U.S. stocks flipped between small gains and losses Friday after the government reported a big loss in jobs last month because of the coronavirus pandemic.
The Dow Jones industrial average dipped 40 points. The Standard & Poor’s 500 fell 0.2%, as gains in energy shares offset broad losses elsewhere. Heading into Friday, the Dow was down 1% for the week while the S&P 500 had shed 0.6%.
The U.S. lost 701,000 jobs in March, the Labor Department said Friday, the first decline in job creation in a decade. The unemployment rate last month rose to 4.4% from 3.5%.
The data comes after a separate report on Thursday showed a record 6.6 million Americans applied for unemployment benefits last week. That was double the previous week’s job losses of 3.3 million. It raised the total number of Americans who are out of work due to the coronavirus-driven downturn to almost 10 million.
Stock reaction was muted following the report. Traders expect more volatility in financial markets until numbers of new coronavirus cases begin to decline, which forecasters say might be weeks away.
“This could be a good sign for investors since it appears markets have already priced in dismal economic numbers,” Peter Essele, head of portfolio management at Commonwealth Financial Network, said in a note. “It’s likely that the next wave of gloomy economic reports could pass without any further erosion in stock prices in the next couple weeks.”
To be sure, experts say the March unemployment report won’t capture the full picture of how the pandemic has affected the economy since it’s based on a survey taken earlier in the month. The first post-shutdown jobs report for April will be released on May 8.
“Job losses spiked in March, led by almost half a million fewer jobs in restaurants and hospitality, clearly one of the hardest-hit sectors in the economy thus far,” Mike Fratantoni, senior vice president and chief economist at the Mortgage Bankers Association, said in a note. “As bad as this month’s employment numbers were, given the rapid jumps in claims, we fully expect that next month will show even larger job losses.”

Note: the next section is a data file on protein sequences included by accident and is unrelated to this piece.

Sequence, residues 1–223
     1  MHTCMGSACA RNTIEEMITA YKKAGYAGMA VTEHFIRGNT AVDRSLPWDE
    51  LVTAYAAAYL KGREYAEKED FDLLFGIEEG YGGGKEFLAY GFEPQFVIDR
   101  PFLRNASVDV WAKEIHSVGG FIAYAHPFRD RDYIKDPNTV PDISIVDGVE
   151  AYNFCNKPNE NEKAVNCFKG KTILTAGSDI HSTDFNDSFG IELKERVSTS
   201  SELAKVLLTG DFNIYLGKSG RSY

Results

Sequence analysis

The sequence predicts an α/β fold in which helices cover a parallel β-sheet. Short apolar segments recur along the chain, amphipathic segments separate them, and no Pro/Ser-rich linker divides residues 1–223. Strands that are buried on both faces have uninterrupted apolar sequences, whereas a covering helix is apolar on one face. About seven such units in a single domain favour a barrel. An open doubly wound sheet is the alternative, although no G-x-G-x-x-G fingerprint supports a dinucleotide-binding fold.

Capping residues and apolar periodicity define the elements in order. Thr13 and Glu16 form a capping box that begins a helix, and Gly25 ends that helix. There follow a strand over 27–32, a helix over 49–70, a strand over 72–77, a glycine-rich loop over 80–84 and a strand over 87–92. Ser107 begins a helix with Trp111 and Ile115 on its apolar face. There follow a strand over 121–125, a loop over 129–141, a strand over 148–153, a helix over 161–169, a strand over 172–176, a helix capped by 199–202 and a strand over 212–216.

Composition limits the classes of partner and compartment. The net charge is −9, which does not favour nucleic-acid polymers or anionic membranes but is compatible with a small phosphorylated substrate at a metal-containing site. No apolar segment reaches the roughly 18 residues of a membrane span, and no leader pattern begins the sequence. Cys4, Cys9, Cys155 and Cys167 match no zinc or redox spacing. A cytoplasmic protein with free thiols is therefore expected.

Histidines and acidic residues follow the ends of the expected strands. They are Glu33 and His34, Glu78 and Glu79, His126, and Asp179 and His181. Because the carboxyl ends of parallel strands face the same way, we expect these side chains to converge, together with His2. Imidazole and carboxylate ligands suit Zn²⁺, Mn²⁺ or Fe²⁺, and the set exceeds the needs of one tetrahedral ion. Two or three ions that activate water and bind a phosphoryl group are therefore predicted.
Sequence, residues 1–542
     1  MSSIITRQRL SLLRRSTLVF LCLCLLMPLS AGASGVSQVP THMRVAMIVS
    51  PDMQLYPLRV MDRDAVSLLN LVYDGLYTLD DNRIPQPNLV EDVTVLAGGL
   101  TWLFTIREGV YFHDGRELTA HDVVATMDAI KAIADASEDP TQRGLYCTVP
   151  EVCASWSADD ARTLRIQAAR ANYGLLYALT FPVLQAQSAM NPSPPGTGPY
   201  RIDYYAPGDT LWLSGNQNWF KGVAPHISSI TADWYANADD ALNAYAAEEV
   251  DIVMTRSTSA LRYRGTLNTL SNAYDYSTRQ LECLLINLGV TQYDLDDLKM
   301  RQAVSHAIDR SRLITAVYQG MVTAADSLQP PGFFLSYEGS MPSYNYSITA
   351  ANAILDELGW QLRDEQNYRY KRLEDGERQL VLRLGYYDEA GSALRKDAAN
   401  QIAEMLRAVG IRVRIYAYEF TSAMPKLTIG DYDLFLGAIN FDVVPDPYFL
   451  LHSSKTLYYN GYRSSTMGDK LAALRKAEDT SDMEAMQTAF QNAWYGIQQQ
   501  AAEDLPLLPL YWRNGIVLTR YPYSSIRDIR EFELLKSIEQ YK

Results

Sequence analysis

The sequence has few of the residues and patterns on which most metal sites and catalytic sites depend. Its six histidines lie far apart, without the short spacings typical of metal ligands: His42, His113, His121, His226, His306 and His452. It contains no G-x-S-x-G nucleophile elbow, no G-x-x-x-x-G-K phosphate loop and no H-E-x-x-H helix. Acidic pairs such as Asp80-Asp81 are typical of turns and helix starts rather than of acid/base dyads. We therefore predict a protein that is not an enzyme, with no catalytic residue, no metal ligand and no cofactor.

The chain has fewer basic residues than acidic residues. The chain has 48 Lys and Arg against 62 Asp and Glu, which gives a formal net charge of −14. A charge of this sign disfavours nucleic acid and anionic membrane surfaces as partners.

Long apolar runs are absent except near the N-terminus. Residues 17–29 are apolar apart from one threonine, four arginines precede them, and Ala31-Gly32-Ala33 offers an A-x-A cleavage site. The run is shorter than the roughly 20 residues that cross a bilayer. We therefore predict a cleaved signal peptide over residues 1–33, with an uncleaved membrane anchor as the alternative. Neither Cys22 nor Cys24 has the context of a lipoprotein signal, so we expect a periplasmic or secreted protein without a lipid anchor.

Many respondents in the household survey indicated that they are on temporary furlough, Fratantoni said, which could provide a quicker path for an economic recovery since economists expect most that are unemployed to be called back to work once the crisis abates.
“These jobs will come back. They didn’t disappear because of some defect in the economy,” Burt White, chief investment officer at LPL Financial, said in a note. “Lots of us are looking forward to going back to our favorite restaurant or taking a trip as soon as the all-clear is sounded, and we’re all hoping sooner rather than later.”
The U.S. surpassed 6,000 deaths from the coronavirus pandemic Friday. There were more than 245,500 confirmed cases in the U.S., according to the Johns Hopkins University data dashboard. Worldwide, the death toll topped 53,000 and the virus had infected more than 1.6 million people.
On Thursday, the S&P 500 gained 2.3% after Trump said he expects production cuts are coming after talking with Saudi Crown Prince Mohammed bin Salman. Trump said on Twitter he expected major oil producers Saudi Arabia and Russia to back away from their price-cutting war.
Energy stocks jumped Friday after U.S. crude prices rose 12%, adding to gains after oil surged almost 25% Thursday following Trump’s comments. The abrupt plunge in crude to below $20 this week from $60 at the start of the year triggered fears heavily indebted producers might default, undermining credit markets.
In Europe, the FTSE 100 in London sank 1.1% and Frankfurt’s DAX shed 0.3%. The CAC 40 in Paris lost 0.9%. In Asia, the Shanghai Composite Index lost 0.6% and Tokyo’s Nikkei 225 was flat. The Hang Seng in Hong Kong lost 0.2%.
Contributing: The Associated Press